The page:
It’s about more than the fish

Most of the time we (professional anglers) do nothing other than talk and write about catching fish. It’s what we do so you’ll have to excuse us if we seem like we have a one-track mind. The thing is, though, there’s more to it than that.

One of the things I like the most is designing and testing lures and equipment. It’s not exactly like catching bass but it does have a direct impact on how well we do on the water. For the past two years, I’ve had the pleasure of working with Abu Garcia on a new line of fishing rods.

When I say new I’m talking about brand new from start to finish — everything from start to finish. I’m excited.

Those of you who’ve made a lure at home, and then caught a fish on it, know what I’m talking about. It’s one thing to trick a bass into biting something. It’s another to do it on, or with, something you have designed yourself. There’s no feeling like it.

We’ll be introducing the new line at the 2014 Bassmaster Classic in Birmingham, Ala. There’ll be five casting rods, five spinning rods and five cranking rods. Each of them has been designed and tested by me on the water and in the lab. I can’t tell you how many times we’ve sent them back and forth but it’s been a lot. We’re finally ready.

The actions are the most obvious but that’s not all there is to it. The guides have to be right, too. They need to be durable, light and spaced correctly. And let’s not forget about the handles. They have to feel good in your hand and they have to help balance the rod.

As time consuming and technical as that is, I have to say that in some ways that was the easy part. That’s the fishing stuff. I know what I like and what I need. It’s fairly easy to transfer that to the engineers once you’re able to figure out their language. The tough part, for me anyway, was putting together the rest of the package.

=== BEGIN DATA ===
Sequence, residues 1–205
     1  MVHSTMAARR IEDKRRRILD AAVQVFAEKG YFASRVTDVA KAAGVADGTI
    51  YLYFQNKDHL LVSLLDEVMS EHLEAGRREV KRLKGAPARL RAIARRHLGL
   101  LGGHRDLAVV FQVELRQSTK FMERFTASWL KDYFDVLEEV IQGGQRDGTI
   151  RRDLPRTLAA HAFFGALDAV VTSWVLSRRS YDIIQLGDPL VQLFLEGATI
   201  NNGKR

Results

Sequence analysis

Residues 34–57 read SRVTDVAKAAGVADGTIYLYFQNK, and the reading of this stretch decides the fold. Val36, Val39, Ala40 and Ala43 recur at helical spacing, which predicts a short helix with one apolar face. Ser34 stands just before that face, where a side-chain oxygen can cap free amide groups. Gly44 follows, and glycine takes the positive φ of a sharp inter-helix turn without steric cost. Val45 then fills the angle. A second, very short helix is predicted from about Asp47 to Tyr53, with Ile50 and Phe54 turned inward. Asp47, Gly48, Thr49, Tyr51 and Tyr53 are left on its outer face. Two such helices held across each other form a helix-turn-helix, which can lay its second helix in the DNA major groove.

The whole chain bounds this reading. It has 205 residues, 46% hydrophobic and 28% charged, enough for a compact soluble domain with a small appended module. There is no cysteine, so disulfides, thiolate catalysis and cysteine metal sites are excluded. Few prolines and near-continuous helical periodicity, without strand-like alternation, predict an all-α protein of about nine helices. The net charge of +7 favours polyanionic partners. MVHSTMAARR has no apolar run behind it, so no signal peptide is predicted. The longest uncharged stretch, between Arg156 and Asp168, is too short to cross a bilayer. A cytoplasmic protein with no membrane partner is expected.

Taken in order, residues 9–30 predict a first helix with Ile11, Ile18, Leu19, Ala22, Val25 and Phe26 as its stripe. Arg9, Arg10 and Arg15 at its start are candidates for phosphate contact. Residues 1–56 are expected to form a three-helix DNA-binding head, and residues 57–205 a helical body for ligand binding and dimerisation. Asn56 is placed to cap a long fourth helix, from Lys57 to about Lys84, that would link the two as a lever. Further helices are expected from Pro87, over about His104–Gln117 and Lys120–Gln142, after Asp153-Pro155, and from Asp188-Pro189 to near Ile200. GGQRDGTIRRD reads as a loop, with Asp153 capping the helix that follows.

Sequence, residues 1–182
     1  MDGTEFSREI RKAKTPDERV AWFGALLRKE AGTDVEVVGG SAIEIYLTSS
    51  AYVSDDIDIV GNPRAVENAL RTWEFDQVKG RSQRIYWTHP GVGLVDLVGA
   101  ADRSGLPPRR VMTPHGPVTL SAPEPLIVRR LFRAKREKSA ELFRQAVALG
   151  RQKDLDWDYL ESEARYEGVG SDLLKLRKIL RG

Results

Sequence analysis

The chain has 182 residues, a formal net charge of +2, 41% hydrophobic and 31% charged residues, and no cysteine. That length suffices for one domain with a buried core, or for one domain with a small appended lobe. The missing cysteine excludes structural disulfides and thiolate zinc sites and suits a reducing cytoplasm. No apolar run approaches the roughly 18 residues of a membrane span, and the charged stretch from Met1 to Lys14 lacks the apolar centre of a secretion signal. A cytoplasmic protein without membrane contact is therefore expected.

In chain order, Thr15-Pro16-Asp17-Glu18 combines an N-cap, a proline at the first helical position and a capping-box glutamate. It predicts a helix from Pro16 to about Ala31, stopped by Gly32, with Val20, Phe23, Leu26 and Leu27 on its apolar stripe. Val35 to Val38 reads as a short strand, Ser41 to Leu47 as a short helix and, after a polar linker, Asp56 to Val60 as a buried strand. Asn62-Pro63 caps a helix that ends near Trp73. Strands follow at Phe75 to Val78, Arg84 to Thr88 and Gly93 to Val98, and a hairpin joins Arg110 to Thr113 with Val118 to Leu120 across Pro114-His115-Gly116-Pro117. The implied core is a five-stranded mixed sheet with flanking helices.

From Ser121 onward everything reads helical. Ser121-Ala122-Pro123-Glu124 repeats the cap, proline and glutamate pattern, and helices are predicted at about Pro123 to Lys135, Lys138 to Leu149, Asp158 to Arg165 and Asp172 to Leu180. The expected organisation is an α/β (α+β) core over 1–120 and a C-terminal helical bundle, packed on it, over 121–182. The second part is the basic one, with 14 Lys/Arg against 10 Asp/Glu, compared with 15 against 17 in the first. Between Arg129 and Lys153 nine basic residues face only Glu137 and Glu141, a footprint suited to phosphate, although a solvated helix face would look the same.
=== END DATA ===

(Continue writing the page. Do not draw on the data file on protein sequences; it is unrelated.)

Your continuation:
Color — both the blank and the wraps — are a big deal, believe it or not. You have to have something that looks good but, at the same time, you have to be careful to make it distinctive. You don’t want a rod that looks like some other company’s rod. The idea is to set yourself apart but still be a part of the overall fishing community.

The reason I’m writing about this is because I want everyone to understand that we really do care about what we offer the public. We want it to work. It’s not about throwing something together and having a pro say it’s the next best thing to sliced bread.

In fairness, I think most of the companies try to do that. It’s not just Abu Garcia. Very few out there want to sell junk or something that doesn’t work, and very few pros will endorse something they don’t believe in. That’s not who we are.

Mike Iaconelli's column appears weekly on You can also find him on Facebook and Twitter or visit his website,

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